Literacy for All


The 8th of September marks the International Day of Literacy; since that day in 1966, the eradication of illiteracy cause has become a symbol of inherent human rights and dignity. The Office of the United Nations High Commissioner for Human Rights ensures that human rights are indivisible; the denial of one right consequently affects other rights. Literacy is not only an intrinsic right and a mean for success throughout life; it is a prelude to people’s ability to practice effectively. It enhances capabilities, develops talents, and broadens perceptions; hence, providing individuals with the motivation to participate in the various activities around them. Usually, the right to literacy implicitly falls under the right to education; fortunately though, literacy is already recognized as a separate right for both children and adults in many international agreements.

Over the years, different and interesting methods have been devised to entice learners to read and write; perhaps the most famous method is phonetics, which entails learning to read by linking the patterns of letters with the sounds within the word. There is also the “See and Say” method, which is based on comic books to nurture the student’s curiosity to discover the text associated to an image. Maybe the most creative method is the audio-visual method; it revolves around the ability of the student to decode words when receiving a picture with a sound, which is an audio image located above the text.

Community research and studies show that children who can read and write before their third grade are most likely to complete their secondary education. Those who are already done with their secondary school have a lower rate of deviation and appearance before the judiciary, their social inclusion and access to decent jobs increase, and they are likely to have children who love education and also finish their secondary education. Thus, the ability to read and write does not only protect existing individuals, but also paves the way for good and productive future generations;

Indeed, illiteracy may deprive us of some of the brightest, smartest, most creative and innovative minds. To achieve a nation's renaissance and advancement, all individuals must be given equal opportunities to demonstrate their talents and innovations in all fairness and transparency. Throughout history, there have been many celebrities, thinkers, and also inventors who have experienced learning difficulties during their childhood. However, with patience, will, and the existence of people in their lives who believed and supported them, they were able to prove themselves and bring their ideas to light. Not only to engage in society as normal individuals, but also to lead people from the dungeons of ignorance to the light of knowledge and innovation.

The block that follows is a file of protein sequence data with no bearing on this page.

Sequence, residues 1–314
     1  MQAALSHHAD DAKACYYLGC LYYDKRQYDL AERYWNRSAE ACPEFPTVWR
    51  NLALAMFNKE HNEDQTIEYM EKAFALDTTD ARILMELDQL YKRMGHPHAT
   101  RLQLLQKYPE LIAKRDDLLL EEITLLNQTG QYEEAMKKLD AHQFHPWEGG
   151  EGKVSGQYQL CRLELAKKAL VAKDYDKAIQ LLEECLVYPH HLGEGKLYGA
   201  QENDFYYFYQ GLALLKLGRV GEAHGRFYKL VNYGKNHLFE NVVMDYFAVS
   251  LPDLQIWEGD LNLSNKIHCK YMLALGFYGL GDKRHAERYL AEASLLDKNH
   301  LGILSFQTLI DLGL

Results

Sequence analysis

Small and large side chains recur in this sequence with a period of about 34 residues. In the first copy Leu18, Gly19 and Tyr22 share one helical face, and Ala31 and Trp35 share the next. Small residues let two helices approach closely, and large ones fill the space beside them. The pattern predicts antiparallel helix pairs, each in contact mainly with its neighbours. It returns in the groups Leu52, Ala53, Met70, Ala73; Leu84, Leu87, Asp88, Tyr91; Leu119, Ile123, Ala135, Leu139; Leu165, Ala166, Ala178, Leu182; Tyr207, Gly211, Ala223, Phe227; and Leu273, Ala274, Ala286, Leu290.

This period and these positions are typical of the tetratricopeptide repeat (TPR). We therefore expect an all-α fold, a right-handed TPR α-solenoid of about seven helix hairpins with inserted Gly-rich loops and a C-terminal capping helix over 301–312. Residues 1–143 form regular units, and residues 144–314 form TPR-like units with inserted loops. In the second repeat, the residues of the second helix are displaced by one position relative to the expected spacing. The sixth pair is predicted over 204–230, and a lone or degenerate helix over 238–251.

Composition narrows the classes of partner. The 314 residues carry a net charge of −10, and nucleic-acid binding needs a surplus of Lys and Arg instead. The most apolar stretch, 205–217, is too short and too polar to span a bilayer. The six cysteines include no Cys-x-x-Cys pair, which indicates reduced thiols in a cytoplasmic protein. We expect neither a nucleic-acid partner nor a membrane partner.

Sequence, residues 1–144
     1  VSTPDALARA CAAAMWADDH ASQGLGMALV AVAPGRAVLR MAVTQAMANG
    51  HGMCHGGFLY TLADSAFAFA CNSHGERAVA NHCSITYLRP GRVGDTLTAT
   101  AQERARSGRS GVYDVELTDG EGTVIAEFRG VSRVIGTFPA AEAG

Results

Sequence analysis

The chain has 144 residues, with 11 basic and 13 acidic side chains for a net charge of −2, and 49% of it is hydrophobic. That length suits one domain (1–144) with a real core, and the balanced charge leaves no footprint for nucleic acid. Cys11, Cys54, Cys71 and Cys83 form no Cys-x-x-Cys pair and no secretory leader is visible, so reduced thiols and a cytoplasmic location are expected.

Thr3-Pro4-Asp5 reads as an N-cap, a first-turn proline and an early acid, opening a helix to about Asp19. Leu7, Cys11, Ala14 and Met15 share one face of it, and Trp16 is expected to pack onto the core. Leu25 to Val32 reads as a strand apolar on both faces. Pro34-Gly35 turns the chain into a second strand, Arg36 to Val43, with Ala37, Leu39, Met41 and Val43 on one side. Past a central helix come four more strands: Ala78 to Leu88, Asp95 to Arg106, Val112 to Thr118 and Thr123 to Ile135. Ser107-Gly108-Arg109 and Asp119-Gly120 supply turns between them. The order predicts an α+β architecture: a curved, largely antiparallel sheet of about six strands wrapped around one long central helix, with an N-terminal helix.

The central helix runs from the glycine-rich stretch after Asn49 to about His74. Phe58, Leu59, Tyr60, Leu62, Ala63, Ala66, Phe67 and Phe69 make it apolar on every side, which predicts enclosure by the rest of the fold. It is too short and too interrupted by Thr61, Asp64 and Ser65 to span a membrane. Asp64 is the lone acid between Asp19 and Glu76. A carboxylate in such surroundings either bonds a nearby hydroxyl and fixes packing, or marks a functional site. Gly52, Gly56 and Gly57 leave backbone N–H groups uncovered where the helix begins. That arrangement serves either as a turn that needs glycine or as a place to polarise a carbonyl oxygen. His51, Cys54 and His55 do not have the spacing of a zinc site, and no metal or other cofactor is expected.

Among these celebrities was Albert Einstein; the physicist who came up with the theory of relativity. Einstein did not form whole sentences until the age of seven; despite his mathematics skills, he suffered with languages and writing. Moreover, there was Thomas Edison, the inventor of the light bulb; the story of his mother teaching him by herself after he was thrown out of school because of his academic underachievement and permanent fugue state is quite a famous story. In the field of entrepreneurship, there was William Hewlett, the founder of Hewlett-Packard (HP), who had difficulties with reading. There was also the international writer Agatha Christie, who dictated her ideas to someone to write them down for her. In the realm of fantasy, the creative Walt Disney, who had vast imagination in the field of animation, suffered from learning difficulties during his childhood. In sports, the world champion Mohammed Ali Clay, who dazzled the world with his continuous successes, did not have access to basic, easy, and typical education, among many others.

I wonder how many innovators, scientists, or inventors exist now in our homelands suffer and struggle with learning difficulties, or have been completely deprived from their right, awaiting the redemption of their stolen rights and the support and nurturing to overcome those obstacles and follow the path of former intellectuals.


Top image: School Photo. Credit: Freepik.

This article was first published in print in SCIplanet, Autumn 2019 Issue.

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SCIplanet is a bilingual edutainment science magazine published by the Bibliotheca Alexandrina Planetarium Science Center and developed by the Cultural Outreach Publications Unit ...
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